One of our recent blog posts talked about the ratcheted need for improved Infection Prevention and Control through lessons learned in the devastating West Africa Ebola outbreak. A key determinant involved mitigating the transmission of serious infections to health care workers who treat patients with unknown illnesses. Another new and ongoing outbreak only reinforces this need: MERS-CoV - Middle East Respiratory Syndrome (Corona Virus). To briefly review, this is a newly discovered virus first identified in the Middle East in 2012 and thought to have camels as the animal reservoir. Subsequently, human-to-human transmissions have been found...especially in health centers in South Korea.
The index patient in South Korea appears to have been an elderly South Korean man with respiratory symptoms who returned from the Middle East. Unsatisfied with his initial care, he ended up visiting 2 outpatient centers and two hospitals - creating a wake of exposed health care workers and neighboring patients, some of whom may have had exposure for as little as 5 minutes. Subsequently, 165 cases have been confirmed in South Korea (as of 19June15) with 24 deaths - some from the initial exposure by the index case and the rest by second order human-to-human transmissions.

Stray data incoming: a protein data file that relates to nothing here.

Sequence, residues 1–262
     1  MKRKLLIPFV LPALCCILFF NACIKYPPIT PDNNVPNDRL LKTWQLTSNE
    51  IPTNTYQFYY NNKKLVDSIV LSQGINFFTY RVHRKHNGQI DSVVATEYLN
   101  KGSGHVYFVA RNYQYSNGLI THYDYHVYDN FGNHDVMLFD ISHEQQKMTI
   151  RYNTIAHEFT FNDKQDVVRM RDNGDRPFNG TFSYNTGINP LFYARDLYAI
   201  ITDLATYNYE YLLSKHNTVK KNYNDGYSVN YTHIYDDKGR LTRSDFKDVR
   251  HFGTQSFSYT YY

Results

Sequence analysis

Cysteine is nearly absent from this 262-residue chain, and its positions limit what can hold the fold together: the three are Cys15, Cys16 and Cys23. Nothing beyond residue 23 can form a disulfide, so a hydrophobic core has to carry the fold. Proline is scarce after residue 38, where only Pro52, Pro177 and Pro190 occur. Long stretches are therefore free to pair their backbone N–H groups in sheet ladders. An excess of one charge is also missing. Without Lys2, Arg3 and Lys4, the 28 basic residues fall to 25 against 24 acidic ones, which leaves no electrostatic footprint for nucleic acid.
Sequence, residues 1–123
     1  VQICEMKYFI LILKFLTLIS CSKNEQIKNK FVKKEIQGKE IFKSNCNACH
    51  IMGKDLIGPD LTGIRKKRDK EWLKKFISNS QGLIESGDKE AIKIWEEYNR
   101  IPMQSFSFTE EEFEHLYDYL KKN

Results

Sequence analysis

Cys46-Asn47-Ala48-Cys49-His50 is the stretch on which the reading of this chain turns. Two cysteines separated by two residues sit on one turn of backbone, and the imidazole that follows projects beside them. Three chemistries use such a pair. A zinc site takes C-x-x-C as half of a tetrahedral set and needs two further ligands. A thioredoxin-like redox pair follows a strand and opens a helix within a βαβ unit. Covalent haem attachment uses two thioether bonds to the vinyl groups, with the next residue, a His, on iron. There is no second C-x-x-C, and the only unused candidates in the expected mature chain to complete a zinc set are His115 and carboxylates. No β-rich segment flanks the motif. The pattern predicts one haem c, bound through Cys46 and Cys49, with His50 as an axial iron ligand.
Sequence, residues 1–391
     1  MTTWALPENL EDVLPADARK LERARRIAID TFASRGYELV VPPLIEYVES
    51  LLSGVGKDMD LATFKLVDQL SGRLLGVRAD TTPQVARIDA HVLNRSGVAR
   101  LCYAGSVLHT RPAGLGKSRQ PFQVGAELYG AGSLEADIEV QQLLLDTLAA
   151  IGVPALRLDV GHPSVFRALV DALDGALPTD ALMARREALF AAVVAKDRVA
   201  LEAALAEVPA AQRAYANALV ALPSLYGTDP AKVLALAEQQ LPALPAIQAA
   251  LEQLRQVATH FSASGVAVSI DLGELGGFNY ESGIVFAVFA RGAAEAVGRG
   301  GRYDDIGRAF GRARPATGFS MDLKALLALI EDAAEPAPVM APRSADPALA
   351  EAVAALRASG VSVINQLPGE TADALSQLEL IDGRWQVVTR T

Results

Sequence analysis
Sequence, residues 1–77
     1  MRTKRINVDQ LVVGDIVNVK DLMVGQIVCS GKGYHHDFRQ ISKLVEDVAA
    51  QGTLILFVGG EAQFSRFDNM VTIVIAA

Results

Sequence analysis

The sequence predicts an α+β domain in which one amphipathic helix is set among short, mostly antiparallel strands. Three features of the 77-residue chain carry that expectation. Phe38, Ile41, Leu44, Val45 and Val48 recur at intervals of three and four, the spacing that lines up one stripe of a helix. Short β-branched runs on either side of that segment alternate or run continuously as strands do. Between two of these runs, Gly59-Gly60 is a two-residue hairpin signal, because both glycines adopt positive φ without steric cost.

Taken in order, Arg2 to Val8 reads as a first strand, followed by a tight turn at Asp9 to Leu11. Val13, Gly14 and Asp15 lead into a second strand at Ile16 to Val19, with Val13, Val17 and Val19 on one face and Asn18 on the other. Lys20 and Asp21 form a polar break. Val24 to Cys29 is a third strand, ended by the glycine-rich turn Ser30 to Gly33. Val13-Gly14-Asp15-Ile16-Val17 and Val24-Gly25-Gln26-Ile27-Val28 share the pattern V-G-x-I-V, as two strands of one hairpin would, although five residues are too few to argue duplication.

And again, official recommendations have been to quarantine confirmed or probable patients (due to the likely airborne transmission) and for healthcare workers to protect themselves through proper IPC:
Droplet precautions should be added to standard precautions when providing care to all patients with symptoms of acute respiratory infection. Contact precautions and eye protection should be added when caring for suspected or confirmed cases of MERS‐CoV infection. Airborne precautions should be applied when performing aerosol‐generating procedures. (see here for definitions)
At this point in our history, where novel infectious diseases are emerging and the patient-clinician interface is a particularly high-risk encounter, this level of proper IPC seems to a necessary to even continue providing health care. As Liberia exemplified in the Ebola outbreak, when health care workers succumb to a disease, it puts the entire health care system at risk.